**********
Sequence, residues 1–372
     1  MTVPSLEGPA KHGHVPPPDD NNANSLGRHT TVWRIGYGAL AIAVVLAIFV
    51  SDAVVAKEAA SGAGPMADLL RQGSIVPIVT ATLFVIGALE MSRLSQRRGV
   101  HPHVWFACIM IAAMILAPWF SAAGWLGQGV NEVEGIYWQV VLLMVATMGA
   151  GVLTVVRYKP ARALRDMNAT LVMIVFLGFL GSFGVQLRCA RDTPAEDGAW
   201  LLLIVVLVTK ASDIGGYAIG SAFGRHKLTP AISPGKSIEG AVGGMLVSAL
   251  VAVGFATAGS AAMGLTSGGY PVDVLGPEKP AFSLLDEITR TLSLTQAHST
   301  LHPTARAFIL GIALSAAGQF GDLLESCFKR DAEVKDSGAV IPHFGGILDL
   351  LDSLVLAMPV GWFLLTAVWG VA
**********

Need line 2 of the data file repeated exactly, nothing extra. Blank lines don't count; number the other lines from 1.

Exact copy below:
     1  MTVPSLEGPA KHGHVPPPDD NNANSLGRHT TVWRIGYGAL AIAVVLAIFV